CINV is classified as acute, delayed, anticipatory, breakthrough, or refractory. Acute CINV typically oc-curs within a few minutes to several hours following administration of a chemotherapeutic agent, and gener-ally subsides within 24 hours, whereas delayed CINV occurs more than 24 hours after drug administration and can last 6 to 7 days.4 The time frames of 0 to 24 hours, 25 to 120 hours, and 0 to 120 hours correspond to acute, delayed, and overall phases of CINV, respectively. In CINV clinical trials, these time frames provide a stan-dardized point at which to measure efficacy end points when analyzing new antiemetics. While acute and de-layed CINV occur as a direct result of exposure to chemo-therapy, anticipatory nausea and/or vomiting is a learned response that arises due to a patient’s negative past expe-rience or expectations of upcoming treatment, and it can occur in up to 25% of patients by their fourth che-motherapy cycle.5 Breakthrough emesis occurs although prophylactic treatment has been given and/or requires “rescue” antiemetics, and refractory CINV takes place in subsequent chemotherapy cycles when prophylaxis and/ or rescue medications have previously failed.4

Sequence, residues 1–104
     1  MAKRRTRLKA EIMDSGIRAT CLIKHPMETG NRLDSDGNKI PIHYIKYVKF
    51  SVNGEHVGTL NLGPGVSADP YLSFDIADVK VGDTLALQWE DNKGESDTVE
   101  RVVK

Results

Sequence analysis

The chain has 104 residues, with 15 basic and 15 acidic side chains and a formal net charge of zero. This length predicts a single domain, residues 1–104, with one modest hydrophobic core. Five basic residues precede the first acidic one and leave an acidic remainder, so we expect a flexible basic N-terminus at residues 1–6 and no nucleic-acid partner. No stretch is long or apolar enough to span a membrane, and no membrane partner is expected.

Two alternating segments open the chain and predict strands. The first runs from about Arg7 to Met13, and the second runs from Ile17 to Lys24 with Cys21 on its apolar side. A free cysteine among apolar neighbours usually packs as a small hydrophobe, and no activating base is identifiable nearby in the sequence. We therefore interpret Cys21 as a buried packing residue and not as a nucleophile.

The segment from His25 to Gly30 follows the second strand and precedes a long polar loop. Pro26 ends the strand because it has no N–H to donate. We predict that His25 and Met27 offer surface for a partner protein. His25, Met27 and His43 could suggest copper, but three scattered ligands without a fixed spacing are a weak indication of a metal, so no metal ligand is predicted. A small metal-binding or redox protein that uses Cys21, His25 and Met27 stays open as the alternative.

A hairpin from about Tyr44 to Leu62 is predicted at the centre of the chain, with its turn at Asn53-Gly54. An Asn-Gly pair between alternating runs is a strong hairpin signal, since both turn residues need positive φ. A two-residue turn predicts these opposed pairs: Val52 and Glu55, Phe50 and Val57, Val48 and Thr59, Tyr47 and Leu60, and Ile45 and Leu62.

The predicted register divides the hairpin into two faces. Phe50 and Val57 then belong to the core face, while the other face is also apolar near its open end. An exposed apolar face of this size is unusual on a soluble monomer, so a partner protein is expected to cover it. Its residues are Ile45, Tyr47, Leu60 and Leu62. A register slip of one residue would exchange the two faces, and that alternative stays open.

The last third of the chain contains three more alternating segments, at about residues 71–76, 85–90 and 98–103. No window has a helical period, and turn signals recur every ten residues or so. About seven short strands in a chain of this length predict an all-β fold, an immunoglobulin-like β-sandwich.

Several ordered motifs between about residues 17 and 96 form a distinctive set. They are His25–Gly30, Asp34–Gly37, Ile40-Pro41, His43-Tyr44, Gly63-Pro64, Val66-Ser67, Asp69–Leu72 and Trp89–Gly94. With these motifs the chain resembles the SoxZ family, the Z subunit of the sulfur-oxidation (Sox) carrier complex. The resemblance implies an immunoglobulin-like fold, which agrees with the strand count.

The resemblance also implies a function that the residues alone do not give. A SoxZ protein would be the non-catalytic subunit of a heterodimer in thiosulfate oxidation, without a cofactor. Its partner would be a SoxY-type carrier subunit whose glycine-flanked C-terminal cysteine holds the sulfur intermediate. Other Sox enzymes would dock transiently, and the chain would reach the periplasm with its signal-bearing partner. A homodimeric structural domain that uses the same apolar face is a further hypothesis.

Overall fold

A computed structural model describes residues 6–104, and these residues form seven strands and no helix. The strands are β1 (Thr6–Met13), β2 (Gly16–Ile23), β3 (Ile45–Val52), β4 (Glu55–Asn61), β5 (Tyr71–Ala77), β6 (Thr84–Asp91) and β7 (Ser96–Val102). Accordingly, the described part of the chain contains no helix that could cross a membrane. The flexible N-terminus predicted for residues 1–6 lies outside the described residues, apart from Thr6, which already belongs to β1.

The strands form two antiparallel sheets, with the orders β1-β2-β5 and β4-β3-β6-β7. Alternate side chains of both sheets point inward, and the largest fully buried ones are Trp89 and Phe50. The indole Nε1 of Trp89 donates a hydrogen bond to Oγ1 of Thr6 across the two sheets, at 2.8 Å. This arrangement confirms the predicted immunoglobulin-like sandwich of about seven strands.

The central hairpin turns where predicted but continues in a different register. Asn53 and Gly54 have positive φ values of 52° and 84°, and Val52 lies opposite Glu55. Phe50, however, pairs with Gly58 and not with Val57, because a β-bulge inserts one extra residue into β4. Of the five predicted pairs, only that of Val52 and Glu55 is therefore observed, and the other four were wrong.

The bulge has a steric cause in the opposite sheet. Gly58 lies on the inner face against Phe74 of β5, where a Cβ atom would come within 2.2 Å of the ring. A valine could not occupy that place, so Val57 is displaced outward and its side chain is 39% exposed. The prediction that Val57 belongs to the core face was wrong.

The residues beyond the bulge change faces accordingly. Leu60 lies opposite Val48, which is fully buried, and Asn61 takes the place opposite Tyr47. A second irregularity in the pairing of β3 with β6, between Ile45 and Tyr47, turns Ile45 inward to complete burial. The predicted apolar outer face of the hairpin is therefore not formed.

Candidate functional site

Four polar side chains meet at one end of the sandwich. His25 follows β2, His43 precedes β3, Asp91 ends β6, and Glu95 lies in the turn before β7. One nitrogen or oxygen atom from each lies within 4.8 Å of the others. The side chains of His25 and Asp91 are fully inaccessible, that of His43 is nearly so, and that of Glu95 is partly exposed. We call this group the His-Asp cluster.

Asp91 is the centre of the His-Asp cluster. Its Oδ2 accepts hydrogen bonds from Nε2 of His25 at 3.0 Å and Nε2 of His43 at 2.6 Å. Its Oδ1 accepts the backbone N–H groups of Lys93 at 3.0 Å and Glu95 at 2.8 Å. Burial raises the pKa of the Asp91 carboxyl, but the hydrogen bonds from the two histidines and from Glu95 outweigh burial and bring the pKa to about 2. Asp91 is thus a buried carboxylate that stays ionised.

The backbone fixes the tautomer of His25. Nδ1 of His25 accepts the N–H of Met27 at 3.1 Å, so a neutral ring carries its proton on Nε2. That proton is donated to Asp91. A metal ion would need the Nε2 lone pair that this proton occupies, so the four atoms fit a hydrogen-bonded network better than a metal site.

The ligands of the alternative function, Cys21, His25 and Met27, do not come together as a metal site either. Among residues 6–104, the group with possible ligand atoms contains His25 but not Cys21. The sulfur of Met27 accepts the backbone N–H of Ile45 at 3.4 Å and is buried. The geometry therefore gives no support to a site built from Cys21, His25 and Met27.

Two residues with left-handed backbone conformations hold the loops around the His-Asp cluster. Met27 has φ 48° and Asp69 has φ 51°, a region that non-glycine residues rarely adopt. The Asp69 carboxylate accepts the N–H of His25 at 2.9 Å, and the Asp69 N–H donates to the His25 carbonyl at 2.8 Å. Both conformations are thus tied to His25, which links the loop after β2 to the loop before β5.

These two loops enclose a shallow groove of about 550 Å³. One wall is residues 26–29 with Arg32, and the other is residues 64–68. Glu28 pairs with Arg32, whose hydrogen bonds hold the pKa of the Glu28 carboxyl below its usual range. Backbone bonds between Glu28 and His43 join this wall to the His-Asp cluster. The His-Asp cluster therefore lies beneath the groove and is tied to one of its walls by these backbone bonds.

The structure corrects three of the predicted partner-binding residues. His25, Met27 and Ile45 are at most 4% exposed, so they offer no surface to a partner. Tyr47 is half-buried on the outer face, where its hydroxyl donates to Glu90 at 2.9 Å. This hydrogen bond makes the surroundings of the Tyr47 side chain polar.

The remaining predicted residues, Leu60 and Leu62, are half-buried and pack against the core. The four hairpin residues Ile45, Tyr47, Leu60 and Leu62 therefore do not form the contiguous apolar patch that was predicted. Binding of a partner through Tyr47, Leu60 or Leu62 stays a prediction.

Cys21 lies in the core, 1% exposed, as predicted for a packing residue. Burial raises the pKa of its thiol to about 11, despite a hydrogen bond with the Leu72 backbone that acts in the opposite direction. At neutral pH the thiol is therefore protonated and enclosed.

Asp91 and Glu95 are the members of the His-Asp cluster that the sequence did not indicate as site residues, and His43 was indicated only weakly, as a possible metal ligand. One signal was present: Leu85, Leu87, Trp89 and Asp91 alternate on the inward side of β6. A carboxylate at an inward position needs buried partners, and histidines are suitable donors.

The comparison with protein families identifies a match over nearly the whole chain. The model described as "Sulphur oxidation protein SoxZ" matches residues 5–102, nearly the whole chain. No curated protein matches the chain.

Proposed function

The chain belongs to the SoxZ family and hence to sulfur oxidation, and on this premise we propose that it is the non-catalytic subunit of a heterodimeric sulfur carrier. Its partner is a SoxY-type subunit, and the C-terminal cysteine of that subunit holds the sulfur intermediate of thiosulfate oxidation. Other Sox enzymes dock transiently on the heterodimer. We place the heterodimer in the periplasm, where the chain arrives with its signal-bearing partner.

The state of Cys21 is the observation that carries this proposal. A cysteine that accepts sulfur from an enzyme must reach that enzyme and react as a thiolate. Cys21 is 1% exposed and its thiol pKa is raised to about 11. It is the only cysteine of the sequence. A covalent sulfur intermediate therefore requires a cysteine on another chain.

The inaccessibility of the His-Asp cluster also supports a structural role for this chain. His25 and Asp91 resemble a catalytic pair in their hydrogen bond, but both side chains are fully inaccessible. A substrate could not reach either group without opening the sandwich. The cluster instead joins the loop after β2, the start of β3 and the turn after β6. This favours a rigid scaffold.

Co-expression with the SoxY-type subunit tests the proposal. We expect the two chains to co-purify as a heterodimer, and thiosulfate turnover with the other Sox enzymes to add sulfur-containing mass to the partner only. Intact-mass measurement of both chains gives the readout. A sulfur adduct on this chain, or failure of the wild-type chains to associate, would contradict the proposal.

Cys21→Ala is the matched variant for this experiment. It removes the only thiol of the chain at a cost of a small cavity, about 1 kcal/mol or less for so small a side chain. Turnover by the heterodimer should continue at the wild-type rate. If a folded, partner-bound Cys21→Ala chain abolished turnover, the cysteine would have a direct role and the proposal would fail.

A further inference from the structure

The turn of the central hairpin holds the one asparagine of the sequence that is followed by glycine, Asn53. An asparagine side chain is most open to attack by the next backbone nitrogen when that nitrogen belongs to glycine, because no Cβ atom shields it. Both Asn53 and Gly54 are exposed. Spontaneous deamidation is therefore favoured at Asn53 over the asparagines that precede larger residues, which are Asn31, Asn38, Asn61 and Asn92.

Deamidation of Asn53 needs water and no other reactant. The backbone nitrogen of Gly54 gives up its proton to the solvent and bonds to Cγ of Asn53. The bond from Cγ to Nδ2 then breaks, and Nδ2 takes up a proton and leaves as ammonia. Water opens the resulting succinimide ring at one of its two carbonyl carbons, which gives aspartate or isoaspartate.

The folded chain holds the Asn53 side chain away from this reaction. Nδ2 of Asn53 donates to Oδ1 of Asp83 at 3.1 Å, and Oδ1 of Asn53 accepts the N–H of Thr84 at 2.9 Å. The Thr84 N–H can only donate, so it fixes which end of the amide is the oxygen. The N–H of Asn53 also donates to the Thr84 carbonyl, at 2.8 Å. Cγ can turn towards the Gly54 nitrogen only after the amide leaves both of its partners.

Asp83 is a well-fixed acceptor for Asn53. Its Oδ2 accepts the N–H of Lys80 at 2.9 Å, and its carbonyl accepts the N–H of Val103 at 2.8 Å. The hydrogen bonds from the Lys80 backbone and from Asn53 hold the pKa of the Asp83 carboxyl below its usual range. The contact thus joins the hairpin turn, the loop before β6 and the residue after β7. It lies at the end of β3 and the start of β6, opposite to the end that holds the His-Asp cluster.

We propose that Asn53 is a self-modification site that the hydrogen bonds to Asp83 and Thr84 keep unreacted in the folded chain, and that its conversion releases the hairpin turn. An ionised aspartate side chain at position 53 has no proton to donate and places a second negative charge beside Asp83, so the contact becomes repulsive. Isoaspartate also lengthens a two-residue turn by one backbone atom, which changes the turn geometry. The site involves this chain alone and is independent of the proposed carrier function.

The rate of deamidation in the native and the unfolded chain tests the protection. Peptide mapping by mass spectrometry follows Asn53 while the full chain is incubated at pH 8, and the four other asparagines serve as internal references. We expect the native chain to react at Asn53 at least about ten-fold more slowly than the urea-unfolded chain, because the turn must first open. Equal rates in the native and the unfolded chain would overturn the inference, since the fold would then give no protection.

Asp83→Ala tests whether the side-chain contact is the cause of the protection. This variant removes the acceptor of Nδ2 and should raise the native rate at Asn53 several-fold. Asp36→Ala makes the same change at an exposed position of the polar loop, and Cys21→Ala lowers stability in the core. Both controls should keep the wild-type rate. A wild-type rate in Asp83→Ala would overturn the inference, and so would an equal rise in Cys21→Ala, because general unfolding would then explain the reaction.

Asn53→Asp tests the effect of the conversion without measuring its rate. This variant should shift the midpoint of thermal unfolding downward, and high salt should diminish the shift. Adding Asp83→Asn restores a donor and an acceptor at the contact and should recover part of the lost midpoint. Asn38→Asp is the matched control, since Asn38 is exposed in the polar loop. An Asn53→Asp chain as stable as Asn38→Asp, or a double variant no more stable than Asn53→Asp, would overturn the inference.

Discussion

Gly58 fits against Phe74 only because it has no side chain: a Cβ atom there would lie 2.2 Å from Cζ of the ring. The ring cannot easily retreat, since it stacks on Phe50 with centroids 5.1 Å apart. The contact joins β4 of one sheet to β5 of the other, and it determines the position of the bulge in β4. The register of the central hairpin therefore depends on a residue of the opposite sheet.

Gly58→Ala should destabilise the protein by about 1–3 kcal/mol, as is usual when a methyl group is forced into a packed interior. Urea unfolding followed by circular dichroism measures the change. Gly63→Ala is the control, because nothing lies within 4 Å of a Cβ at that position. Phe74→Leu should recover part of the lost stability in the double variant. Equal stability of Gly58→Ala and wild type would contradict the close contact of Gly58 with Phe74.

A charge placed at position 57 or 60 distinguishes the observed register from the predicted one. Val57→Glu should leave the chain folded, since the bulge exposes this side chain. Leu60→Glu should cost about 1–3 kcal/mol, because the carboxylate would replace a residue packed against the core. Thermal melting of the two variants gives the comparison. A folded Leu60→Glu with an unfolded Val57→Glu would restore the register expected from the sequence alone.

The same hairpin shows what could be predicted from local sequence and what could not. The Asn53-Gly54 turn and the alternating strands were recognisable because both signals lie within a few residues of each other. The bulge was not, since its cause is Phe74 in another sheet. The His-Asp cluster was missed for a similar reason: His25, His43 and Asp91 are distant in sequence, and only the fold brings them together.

Successful treatment of CINV relies on assessment of the emetogenicity of the chemotherapy drug(s) a patient will receive, and a patient’s individual risk factors. Not all chemotherapy drugs are created equal in terms of their potential to induce nausea and vomiting. Cispla-tin, for example, is widely considered to be the most emetogenic of the chemotherapy drugs, and it displays a biphasic pattern of emesis distinguished by an immedi-ate acute phase and a delayed phase, which is in contrast to the monophasic pattern of emesis occurring after ad-ministration of carboplatin or cyclophosphamide.6 In the late 1990s, Hesketh and colleagues proposed a clas-sification system for single agent chemotherapy drugs and their combinations, based on the percentage of pa-tients who experience acute emesis when not receiving prophylactic treatment with antiemetics.7 Updates to the classification system were recently summarized by Grunberg and colleagues, and Table 1 describes how intravenous (IV) chemotherapy agents are categorized by 1 of 4 emetogenic levels. Due to differences in emeto­ genicity and alternate dosing patterns compared with IV chemotherapies, oral drugs are classified separately and fall into 1 of 2 risk groups; high to moderate emetic risk or low to minimal emetic risk.4,8